How to materialise the different facets of an artist: InterestingProjects on re-imagining Keith Haring

13 November 2019


October’s Nicer Tuesdays saw design practice InterestingProjects discuss how it conceptualised and designed Tate Liverpool’s major retrospective of beloved artist, Keith Haring. An interior design practice which designs exhibitions, displays and homes – this year InterestingProjects was granted the golden opportunity to design the first every major exhibition of the artist’s work in the UK.

Consisting of Joana Filipe and James Mason, the pair met in their shared studio back in 2015, soon realising the similarities in their work. Working separately, they would employ each other for help on projects from time to time. But it wasn’t until February this year that the duo decided to form a collaborative business.

As they explained at Nicer Tuesdays, both bring different elements to their collaborative practice: James’ background is in interior design, while Joana’s background is in fine art sculpture. Although their skills complement each other, this isn’t always the case: “every time we get a brief, we have this massive argument,” laughed Joana. “James would start with doing a floor plan” whereas “I need to sketch, I need to decide what material, what meanings and what it is we’re actually responding to,” she told the audience. In order to find a happy middle, the duo decided to start working on-site, realising that immersing themselves in the space meant they could find “common ground”.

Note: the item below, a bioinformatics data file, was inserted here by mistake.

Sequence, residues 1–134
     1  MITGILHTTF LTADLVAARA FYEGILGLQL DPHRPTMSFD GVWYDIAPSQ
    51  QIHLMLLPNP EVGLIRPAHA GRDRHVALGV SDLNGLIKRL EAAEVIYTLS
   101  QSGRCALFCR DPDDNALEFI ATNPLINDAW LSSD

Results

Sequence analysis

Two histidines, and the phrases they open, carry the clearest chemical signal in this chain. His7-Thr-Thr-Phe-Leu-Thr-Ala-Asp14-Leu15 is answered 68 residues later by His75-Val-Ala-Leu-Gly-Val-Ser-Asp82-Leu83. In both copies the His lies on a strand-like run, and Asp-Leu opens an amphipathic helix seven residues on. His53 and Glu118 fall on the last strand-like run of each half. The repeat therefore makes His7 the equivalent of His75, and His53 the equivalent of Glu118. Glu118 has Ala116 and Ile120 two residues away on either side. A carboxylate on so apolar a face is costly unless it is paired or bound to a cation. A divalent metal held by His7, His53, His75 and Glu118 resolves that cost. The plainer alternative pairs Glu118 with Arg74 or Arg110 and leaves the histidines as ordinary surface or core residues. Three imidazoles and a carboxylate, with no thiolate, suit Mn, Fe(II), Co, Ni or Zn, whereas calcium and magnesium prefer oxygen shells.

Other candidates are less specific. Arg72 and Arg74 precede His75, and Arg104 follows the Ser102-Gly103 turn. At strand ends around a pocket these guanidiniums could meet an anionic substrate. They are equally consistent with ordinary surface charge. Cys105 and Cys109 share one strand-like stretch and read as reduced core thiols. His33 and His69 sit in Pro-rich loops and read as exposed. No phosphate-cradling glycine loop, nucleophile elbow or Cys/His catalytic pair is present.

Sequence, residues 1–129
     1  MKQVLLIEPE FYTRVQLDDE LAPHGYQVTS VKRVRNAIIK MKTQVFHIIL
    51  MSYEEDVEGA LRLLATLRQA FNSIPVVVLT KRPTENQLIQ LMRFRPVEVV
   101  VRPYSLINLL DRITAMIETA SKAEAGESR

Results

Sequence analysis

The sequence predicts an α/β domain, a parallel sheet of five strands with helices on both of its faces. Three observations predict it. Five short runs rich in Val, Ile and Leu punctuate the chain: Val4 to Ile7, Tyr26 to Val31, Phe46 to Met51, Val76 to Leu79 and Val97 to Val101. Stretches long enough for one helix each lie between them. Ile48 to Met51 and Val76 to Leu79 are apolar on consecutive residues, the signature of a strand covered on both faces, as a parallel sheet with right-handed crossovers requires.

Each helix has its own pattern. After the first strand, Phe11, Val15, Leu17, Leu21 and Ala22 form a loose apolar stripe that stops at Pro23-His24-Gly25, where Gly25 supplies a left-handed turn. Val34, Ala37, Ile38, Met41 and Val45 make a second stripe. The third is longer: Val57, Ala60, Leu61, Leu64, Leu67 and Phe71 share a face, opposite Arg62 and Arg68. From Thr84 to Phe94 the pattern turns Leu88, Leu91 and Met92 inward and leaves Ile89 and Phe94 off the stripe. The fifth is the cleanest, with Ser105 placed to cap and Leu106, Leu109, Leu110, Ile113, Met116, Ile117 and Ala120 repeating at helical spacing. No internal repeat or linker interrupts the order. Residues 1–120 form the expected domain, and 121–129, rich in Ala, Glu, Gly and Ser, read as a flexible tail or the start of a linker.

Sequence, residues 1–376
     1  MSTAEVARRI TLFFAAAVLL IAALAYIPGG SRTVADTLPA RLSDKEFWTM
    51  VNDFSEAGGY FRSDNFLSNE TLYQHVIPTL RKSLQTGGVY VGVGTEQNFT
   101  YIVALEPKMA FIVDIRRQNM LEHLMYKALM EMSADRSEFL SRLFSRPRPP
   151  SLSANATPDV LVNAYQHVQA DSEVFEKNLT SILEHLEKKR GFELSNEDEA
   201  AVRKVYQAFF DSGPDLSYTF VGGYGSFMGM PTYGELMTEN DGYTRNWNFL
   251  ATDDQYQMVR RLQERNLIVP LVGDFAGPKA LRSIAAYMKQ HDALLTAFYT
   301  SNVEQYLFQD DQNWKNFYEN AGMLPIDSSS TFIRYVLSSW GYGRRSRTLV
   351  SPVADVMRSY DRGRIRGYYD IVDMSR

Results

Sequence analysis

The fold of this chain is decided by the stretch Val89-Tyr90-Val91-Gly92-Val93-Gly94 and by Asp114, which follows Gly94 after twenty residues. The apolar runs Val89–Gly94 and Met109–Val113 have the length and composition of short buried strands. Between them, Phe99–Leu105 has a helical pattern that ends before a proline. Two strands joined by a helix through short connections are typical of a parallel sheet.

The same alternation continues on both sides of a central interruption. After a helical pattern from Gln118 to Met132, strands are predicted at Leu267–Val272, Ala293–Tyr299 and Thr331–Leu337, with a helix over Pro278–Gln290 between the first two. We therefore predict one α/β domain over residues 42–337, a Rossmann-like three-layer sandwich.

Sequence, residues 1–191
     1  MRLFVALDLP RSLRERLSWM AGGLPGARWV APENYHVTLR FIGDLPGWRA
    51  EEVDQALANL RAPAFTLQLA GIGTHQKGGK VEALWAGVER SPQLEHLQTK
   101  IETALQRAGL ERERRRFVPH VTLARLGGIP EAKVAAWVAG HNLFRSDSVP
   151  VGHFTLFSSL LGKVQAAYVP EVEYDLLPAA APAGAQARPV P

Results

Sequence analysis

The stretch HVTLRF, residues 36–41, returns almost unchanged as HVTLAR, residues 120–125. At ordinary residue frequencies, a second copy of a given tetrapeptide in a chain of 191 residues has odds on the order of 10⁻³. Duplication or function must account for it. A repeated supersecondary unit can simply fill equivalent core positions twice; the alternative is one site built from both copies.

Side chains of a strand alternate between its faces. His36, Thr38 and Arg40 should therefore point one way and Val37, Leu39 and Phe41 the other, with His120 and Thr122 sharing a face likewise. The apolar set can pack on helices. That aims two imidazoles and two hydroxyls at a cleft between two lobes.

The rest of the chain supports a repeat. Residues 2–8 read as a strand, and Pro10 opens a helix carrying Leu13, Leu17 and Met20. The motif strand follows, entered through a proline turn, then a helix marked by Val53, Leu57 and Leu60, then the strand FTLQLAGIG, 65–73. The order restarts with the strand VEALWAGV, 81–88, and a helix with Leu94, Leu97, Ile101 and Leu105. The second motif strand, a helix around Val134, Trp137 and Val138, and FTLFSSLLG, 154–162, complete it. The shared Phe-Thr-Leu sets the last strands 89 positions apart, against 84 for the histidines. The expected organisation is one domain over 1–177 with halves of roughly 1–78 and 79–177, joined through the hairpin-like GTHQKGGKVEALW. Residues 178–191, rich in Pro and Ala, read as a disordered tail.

Upon preparing their second-ever pitch, this time for the Tate Liverpool, the duo flooded themselves with research into the culture of New York, “we cranked up the speaker with 1980s Hip-hop music”. The original brief was basically to envision “how Keith Haring comes from a subculture and becomes pop culture”: a task that would require conceptual thinking and planning.

They split Keith Haring, his work and personality, into his different energies: pop artist, political activist, and social responsibility. By utilising colours to coordinate his work, the final result used materials to reflect the changing architecture of Keith Haring’s New York, and his work too.

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